It feels wrong to put “God is love” and “hell” in the same sentence.  And yet, our outrageously loving Jesus continually preached about the reality of hell.  The word is mentioned twelve times in the Gospels, and that doesn’t include his other references to “eternal punishment,” “eternal fire,” “outer darkness,” and “weeping and gnashing of teeth.”

So difficult is it to wrap our minds around hell, some respected church leaders have suggested that judgment of the unsaved will end in annihilation (end of existence) or universalism (all will be saved in the end).  We stumble over hell, especially when we consider our deceased loved ones who showed no evidence of salvation and new life in Christ.  Reading the story of Lazarus and the rich man is nearly more than we can bear, if it is true that our unsaved loved ones are experiencing the same torment and suffering as that of the rich man (Luke 16:19-31).

Reconciling the love of God and his creation of hell is admittedly beyond our earthly understanding.  It is one of those “inscrutable” and “unsearchable” realities we must leave with God.  This is not a cop-out, but is to humbly acknowledge that as high as the heavens are above the earth, so are God’s ways higher than our ways and his thoughts than our thoughts (Isaiah 55:9).

Therefore, I camp on what I do know:  God does not wish any to perish, but that all should come to repentance, (2 Peter 3:9).  Condemning anyone to hell is heart-wrenching to him.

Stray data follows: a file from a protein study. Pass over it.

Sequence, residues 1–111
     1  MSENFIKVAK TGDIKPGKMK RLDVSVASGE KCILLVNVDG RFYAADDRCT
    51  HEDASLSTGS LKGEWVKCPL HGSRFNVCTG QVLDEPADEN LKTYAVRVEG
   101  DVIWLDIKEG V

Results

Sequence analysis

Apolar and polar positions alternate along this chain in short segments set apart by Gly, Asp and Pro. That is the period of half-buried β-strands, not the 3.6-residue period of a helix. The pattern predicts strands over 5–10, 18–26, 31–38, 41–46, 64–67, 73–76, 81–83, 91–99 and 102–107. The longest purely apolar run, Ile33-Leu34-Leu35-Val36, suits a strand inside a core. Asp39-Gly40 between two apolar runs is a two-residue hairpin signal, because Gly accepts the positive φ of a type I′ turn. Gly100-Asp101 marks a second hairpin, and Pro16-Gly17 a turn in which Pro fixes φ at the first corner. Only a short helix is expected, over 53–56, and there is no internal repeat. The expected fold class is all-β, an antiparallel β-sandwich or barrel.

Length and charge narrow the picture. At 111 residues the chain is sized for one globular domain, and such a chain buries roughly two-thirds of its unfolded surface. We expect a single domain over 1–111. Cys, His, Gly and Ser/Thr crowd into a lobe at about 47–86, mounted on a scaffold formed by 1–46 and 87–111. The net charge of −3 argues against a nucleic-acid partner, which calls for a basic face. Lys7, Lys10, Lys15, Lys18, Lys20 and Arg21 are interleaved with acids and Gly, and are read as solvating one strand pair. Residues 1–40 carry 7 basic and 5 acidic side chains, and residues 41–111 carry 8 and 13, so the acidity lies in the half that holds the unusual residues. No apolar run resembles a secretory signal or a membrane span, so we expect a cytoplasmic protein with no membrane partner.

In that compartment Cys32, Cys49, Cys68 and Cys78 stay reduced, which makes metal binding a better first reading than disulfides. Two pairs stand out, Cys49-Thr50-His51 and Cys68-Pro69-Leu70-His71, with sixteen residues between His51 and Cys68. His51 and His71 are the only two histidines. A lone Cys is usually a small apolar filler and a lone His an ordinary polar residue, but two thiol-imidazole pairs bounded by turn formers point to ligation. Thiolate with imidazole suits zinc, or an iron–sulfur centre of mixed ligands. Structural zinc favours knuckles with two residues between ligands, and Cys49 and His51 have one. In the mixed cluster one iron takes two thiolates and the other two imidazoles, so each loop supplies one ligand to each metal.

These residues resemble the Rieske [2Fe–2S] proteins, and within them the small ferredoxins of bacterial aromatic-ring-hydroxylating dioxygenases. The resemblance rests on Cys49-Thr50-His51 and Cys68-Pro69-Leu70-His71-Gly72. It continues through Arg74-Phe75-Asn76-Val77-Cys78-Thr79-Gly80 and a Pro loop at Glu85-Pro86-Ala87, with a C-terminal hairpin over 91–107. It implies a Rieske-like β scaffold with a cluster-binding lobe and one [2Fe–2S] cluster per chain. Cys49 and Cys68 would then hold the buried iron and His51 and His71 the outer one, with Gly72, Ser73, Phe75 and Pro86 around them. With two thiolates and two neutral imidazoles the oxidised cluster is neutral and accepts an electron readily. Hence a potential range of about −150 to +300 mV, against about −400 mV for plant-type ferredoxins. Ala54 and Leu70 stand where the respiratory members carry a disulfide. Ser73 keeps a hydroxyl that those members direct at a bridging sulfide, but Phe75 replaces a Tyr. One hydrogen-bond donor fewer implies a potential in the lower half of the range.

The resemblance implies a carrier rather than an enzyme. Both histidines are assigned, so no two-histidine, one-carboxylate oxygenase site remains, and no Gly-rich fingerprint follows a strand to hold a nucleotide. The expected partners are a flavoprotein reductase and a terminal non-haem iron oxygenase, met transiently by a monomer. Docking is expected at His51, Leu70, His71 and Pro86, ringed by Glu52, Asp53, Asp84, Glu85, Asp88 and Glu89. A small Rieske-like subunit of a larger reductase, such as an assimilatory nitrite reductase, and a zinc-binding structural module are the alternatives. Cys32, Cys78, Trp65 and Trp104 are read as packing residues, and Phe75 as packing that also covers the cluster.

So then, why does hell exist?  In a word, God created hell because he is just and righteous.  Hell is where God deals with evil.  All rebellion against God will be confined to an inescapable prison.  His justice makes hell a necessity.  While God loves all people, his justice requires him to confront evil and sin.

Romans 5:8 states that God sent his own Son to bear the penalty for sin that transgressors might be saved.  Salvation, the Bible says, is offered to everyone as a gift, to be received by faith in Christ.

Simply put, if we cast ourselves upon the mercy of God and turn in faith to Jesus as Savior and Lord of our lives, we will be saved.  To refuse his one way of salvation is to suffer condemnation.  His love cannot excuse sin, even as his holiness and justice cannot be swept aside.

Questions about hell will always remain until what we know in part becomes fully known (1 Corinthians 13:12).  That future day awaits us in heaven.  What can be known is this:  God’s love paid an infinite cost to save us from hell.   One only need watch the sorrow and distress of Jesus in the Garden of Gethsemane to realize how great a burden it was for him to bear the guilt of our imputed sin.  It was laid upon him as a scapegoat.

Perhaps the better question is, “How could a perfect and just God allow anyone into heaven?”